The 1796 half cent is one of America’s “trophy” rarities, a classic. For this coinage, two obverse dies were prepared.
The first die lacked the pole to the cap of Liberty due to forgetfulness on the part of the die cutter, a true engraving error. This die developed a horizontal crack at an early stage, and relatively few were made. This is the most famous rarity in the half cent series. All known examples have a die crack bisecting the obverse. On the reverse is a four-berry wreath with HALF/CENT within the wreath, the fraction 1/200 at the bottom, and UNITED STATES OF AMERICA around the border. The edge of the coin is plain. Some pieces have reflective surfaces and have been cataloged as Proof in the past. It is sometimes fashionable to call early Prooflike coins “Proofs,” and in some instances, they might have been intended as presentation pieces in this regard. However, there is no documentation of any Proofs in any series being made by a special proofing process prior to the early 1820s. Even after the early 1820s, there are few records available until the late 1850s. (Should a coin be called a Proof because it looks like one, or should there be surrounding evidence or documentation or at least a long-standing tradition that it was made as a Proof? This point has not been completely resolved). Examples of the 1796, No Pole, change hands infrequently, and thus the market value is subject to differing opinions. About four are known in Mint State.
The second variety of the 1796 half cent is from a different die, with a prominent pole to Liberty’s cap, and is that which is most often seen, although on an absolute basis it is also rare. Today, perhaps as many as two dozen of the 1796, No Pole, half cents exist, mostly in low grade in about Good to Fine, often porous, but with several high-grade and notable examples to delight connoisseurs who can afford them. For the 1796, With Pole, the population today is likely in the range of 100 to 120 pieces, again mostly in lower grades, although the number of pieces in AU or Mint State is around a dozen.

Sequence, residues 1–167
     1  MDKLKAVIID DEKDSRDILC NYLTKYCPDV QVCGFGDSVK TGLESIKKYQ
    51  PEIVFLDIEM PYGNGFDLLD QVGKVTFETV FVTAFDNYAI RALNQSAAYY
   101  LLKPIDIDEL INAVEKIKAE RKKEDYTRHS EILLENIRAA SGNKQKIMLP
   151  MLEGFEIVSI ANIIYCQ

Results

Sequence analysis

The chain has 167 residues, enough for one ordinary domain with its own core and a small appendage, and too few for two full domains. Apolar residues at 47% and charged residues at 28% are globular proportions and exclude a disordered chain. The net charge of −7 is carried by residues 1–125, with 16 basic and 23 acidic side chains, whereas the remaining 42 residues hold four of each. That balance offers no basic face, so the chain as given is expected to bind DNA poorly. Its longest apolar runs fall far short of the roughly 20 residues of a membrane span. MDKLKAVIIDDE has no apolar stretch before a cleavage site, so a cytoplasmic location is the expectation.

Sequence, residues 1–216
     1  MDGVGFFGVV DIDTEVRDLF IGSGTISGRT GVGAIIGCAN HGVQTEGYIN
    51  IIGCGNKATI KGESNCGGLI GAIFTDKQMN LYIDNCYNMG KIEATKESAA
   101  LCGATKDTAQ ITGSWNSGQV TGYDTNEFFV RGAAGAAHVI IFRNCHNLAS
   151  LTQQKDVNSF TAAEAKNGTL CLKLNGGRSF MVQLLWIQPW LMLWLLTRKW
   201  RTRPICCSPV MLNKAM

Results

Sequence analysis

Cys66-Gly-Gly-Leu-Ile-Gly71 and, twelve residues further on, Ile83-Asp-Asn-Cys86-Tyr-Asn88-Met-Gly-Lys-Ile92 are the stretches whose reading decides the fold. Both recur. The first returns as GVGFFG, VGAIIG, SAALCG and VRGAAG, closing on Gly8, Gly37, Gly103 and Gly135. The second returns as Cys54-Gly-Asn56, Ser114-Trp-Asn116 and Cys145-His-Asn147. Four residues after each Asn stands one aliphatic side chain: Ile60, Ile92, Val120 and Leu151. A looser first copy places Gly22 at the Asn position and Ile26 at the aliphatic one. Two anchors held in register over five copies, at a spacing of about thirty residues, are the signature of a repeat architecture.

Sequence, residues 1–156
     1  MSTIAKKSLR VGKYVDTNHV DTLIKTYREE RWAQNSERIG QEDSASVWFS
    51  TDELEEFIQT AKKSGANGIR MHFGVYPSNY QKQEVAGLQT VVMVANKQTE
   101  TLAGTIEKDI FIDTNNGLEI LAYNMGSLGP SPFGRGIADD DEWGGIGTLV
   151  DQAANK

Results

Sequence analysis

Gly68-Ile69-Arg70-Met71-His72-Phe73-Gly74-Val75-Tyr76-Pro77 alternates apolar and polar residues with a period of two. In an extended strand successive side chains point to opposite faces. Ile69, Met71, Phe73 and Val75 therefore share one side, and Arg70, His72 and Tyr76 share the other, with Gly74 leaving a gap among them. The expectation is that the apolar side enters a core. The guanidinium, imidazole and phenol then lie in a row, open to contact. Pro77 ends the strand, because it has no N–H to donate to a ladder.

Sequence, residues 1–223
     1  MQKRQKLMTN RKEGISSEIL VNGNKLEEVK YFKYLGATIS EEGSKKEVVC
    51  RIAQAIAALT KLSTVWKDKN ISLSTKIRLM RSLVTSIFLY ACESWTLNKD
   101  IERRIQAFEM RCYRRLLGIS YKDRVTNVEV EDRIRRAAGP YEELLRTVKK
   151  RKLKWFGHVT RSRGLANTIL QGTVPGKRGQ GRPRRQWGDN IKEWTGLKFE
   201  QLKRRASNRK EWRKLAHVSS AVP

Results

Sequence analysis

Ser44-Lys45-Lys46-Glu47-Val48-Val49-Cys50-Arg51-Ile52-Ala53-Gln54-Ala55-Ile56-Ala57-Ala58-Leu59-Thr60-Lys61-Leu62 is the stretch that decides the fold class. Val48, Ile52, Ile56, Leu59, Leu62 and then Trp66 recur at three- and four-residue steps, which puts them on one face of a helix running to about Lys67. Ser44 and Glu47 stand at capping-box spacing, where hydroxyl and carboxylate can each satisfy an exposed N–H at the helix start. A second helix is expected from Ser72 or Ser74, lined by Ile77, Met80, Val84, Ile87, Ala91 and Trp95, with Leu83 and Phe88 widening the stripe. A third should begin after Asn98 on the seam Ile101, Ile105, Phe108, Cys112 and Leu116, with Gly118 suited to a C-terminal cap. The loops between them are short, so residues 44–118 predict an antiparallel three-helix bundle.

Some of the highest-grade half cents of both types for 1796 were located in England, where in the late 1700s such pieces were collected, during an era in which numismatics had not yet become popular in the United States.
Modern standard references, including the Guide Book, usually state the total population of the 1796-dated half cents to have been 1,390 but this is a guess, representing the smallest of several deliveries of half cents this year. Moreover, even for this delivery, there is no evidence that the coins were from 1796-dated dies. The truth is that except for calendar year 1793, when all half cents in the first year necessarily bore that date, we have no precise figures for any mintage of early half cents bearing a particular date. Certainly, the production of 1796 half cents was low, whatever the figure.
Sometime before 1866, Francis S. Edwards issued a copy of the 1796, With Pole, half cents from new dies. The copy has many minute differences from the original. On the copy the leaf below the “O” in “OF” extends significantly to the left; on the original, the leaf ends below the left edge of the “O.” Both dies were rusted. Also, the Edwards’ specimens do not have a consistent weight. Reportedly, after his death, the dies were destroyed as were all but 12 remaining coins. The number struck is not known. These are collectible in their own right.
Today the 1796 half cent is recognized as a formidable rarity, and either of the 1796 half cent varieties in any grade at all can be called a landmark and cause a ripple of excitement when appearing at auction.